“The people behind this ad know that the n people are for allowing all ns the right to marry, so they have resorted to misleading people, to pretend this is about something else,” he told Fairfax Media.

“Sadly, over the next few weeks, the n people will get used to this daily dose of red-herrings and lies, served up by a bucketful of cash. As the no side seek to divide ns, we will continue to seek to unite them.”

In a statement, Ms York said parents across “are speaking to each other about the impacts of radical LGBTIQ sex and gender education programs”.

She said parents had “a right to know how a change in the marriage law will affect what their kids are taught at school” because “the education departments won’t tell them”.

On the ABC’s Q&A on Monday night, Attorney-General George Brandis – a supporter of same-sex marriage – said any bill introduced under the Coalition would contain “very strong protections” for religious freedom.

But he warned against obfuscation of the issue by opponents of same-sex marriage.

“Let us remember what this plebiscite is about. It is about one question and one question only: should the law be changed to allow same-sex couples to marry,” Senator Brandis said.

“That’s it, that is the only question the n people are being asked to decide.”

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The Canberra Vikings will be bolstered by the return of Wallabies scrumhalf Joe Powell, but a second-row battle will ignite the opening round of the National Rugby Championship.
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Wallabies rookie Izack Rodda is set to square off against the man he replaced in the Test squad, ACT Brumbies captain Sam Carter, when the Vikings play against Queensland Country on Saturday.

Powell, Rodda and Izaia Perese have been released from Wallabies camp and cleared to play in the first game of the NRC season.

Powell has played just 126 minutes of rugby in the past three months after being used sparingly since making his Wallabies debut against Fiji in June.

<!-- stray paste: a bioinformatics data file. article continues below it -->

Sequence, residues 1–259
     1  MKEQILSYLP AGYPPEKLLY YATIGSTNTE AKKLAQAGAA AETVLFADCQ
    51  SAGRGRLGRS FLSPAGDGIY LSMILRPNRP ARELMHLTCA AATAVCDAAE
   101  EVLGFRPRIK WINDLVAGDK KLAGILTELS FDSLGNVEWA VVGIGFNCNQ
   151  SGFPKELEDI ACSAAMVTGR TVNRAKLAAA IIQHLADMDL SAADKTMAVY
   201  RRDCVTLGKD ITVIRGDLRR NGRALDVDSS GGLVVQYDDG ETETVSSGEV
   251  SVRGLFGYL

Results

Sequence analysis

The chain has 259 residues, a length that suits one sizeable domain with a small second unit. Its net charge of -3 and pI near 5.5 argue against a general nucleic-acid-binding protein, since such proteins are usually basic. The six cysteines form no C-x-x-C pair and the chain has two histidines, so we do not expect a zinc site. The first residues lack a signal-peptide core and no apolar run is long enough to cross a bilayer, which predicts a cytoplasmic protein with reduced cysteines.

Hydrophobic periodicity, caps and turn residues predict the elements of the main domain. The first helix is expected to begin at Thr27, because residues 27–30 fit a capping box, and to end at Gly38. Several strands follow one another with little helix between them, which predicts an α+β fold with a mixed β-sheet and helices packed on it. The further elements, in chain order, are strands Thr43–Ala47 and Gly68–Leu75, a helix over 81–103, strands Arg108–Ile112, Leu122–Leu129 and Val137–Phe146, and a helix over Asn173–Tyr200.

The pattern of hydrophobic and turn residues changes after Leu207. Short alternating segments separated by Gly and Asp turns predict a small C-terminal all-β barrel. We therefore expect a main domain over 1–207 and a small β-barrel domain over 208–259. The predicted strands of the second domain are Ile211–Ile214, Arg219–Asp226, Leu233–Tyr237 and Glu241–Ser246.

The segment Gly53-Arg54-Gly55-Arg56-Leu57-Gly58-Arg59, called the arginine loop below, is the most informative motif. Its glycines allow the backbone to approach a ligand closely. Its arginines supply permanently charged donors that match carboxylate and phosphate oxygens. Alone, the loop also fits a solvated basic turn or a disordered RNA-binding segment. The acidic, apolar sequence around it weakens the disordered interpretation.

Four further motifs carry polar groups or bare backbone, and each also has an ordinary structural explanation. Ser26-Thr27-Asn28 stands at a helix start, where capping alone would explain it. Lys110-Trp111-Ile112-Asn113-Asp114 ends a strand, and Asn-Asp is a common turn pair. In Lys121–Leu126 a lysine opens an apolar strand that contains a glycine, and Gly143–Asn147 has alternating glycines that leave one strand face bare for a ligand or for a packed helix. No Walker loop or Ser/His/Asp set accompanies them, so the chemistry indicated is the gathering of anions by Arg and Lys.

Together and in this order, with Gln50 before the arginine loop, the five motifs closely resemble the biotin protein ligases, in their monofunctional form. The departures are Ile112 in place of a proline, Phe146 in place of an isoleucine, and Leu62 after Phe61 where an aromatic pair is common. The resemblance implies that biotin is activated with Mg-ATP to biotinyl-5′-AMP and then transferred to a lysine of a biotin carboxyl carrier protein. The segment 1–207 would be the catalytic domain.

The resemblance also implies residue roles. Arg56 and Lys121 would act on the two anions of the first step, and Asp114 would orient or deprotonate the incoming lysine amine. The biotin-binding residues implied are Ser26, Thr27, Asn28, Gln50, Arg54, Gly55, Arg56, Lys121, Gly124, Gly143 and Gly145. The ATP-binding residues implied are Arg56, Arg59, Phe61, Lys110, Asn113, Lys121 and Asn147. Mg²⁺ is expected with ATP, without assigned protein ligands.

Rodda made his Test debut against New Zealand last weekend and the big Queensland lock beat Carter for a spot in the Wallabies training squad.

The individual battle will add spice to the clash at Viking Park as Carter fights to prove he deserves a spot in the n squad.

The Brumbies skipper was dropped despite a strong Super Rugby season, with Wallabies coach Michael Cheika opting for Rodda, Rob Simmons, Rory Arnold and Adam Coleman.

Rodda, 21, is tipped as a star of the future and didn’t look out of place when he was thrown on to the field in an intense Bledisloe Cup clash last weekend.

Carter is expected to play the bulk of the NRC season if he isn’t recalled to the Wallabies squad, but the Brumbies will monitor his workload.

Powell will be a massive inclusion for the Vikings and will be keen to use the game to impress Cheika enough to earn his first Rugby Championship cap.

The Vikings will wear an ACT Kookaburras heritage jersey to connect with Canberra’s rugby community, while the junior finals will also be played at Viking Park this weekend.

Meanwhile, the Brumbies have re-signed back-rower Rob Valetini despite the 19-year-old not making his Super Rugby debut this season.

Valetini will use the NRC as his launching pad to Brumbies duties next year after impressing in his n under-20s campaign.

But the teenager will not be eligible to play for the Vikings against Queensland after being ruled out for 19 days following a concussion.

Valetini was given a mandatory 19-day stand-down time because of his age.

The 113 kilogram versatile flanker wants to learn off David Pocock next season and chase his dream of playing for after moving away from his family in Melbourne to link with the Brumbies.

“I am loving life at the Brumbies and I am happy that I have the opportunity to continue to learn my rugby at the club,” Valetini said.